We can’t demand feminism from Khun Yingluck because she has never defined herself as a feminist. If Khun Yingluck has never used feminism or her being a feminist to campaign for votes, why would you demand that she suddenly declare policies for women? … Especially when you are making the demand based on the logic that the “feminist mind” does not need the [female] sexual organ, why didn’t you demand [women’s policies] from all the prime ministers before her?

Khampaka held no punches:

If having no feminist mind is such a crime, every single Thai prime minister in the past deserved equal scolding.The contradiction in this line of argument is that if women without a feminist mind deserve heavier punishment, then you [the female feminists] are oppressing your own kind.

With regard to Yingluck “flying” into the prime minister position, Khampaka had this to say:

So that’s another of her bad points. Amidst all the disadvantages—the mainstream media never understood Redshirts, never sided with democracy—Khun Yingluck still came out on top. It shows she must have something. People aren’t stupid these days. If you have any contact with the Redshirts you will see that they are quite conscious of their rights because it wasn’t easy for them to get an election;  they had to sacrifice with their lives. Yingluck didn’t get here because of luck alone.

Khampaka also responded to some women’s issues mentioned by the feminists critical of Yingluck. Violence against women and gender inequality have long existed and are persistent problems that every government needs to be pressured to address, she said. She pointed to the power structure that remains the major obstacle in advancement in Thai women’s rights. The major problem with women’s rights movement in Thailand in her view is Thai feminists’ “blindness to human rights problems” which encompass women’s rights problems:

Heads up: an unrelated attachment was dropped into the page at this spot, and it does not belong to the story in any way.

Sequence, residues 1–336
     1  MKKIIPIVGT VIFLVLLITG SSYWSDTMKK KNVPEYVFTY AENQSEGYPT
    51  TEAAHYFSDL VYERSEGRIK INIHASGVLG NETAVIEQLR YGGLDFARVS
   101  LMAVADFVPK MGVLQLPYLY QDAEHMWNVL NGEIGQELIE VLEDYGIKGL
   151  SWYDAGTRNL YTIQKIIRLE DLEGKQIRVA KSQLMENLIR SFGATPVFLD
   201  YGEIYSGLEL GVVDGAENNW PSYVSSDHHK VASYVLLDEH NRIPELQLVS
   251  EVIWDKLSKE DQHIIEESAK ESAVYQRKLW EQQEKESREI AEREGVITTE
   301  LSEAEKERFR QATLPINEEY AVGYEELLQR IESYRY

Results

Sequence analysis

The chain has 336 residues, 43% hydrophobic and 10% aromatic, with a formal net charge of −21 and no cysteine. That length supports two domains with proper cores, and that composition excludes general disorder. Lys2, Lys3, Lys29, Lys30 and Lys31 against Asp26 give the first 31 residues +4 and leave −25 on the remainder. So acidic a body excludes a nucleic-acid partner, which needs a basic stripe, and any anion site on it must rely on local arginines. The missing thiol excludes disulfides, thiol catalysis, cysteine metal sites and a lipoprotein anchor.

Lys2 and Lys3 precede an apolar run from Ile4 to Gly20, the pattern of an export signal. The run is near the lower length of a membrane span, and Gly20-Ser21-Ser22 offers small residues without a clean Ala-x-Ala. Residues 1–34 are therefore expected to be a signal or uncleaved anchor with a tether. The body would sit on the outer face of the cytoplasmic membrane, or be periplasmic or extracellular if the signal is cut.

Women are humans, but human rights in Thailand are still lacking… Thai feminists are concerned about domestic violence and human trafficking but never said anything about 91 people killed [in the April-May 2010 crackdowns]. Isn’t it also domestic violence? Is 91 people killed as bad as human trafficking?

According to Khampaka, the priorities in today’s Thailand are truth, justice and the economy. There are people, including women, in jail without bail who need immediate justice, and men and women laborers and their children struggling to make ends meet. A number of people who voted for Pheu Thai see these as the top priorities. She told the interviewer, given the leading feminists’ reactions, she’d like to resign from her status as a feminist to be just a human being. As usual Khampaka’s comments drew strong reactions: support and kudos at the left- and Red-leaning Prachatai website and severe beating at OK Nation blog  where Yellow supporters congregate.

In fact, the views of leading Thai feminists were challenged even before the election. At the seminar entitled “Democracy, power, violence and women in Thai politics” organized by Chiang Mai University, Pinkaew Lueangaramsri a social science lecturer, criticized the narrow definition of gender and politics in the traditional Thai women’s rights movement (where most of the critics of Yingluck belong). She also pointed to the gap in class consciousness of traditional Thai feminists.

Pinkaew said those in the women’s networks that initiated the “Women’s power changing the face of the election” as a result of the revelation that female political candidates represented only 18% of all 3,832 candidates in the July 3, 2010 election, were concerned about this male-female discrepancy and afraid that Thailand would be left behind in ASEAN. The truth is, she said, Thai women are quite active politically. They are over-represented as voters (National Statistics Office: 1.5 million more female than male voters, compared to 1.2 million more female than male population). Grassroots Thai women are also active in local politics and political rallies [mostly Red] at home and in Bangkok since the 2006 coup, demanding their political rights and an election.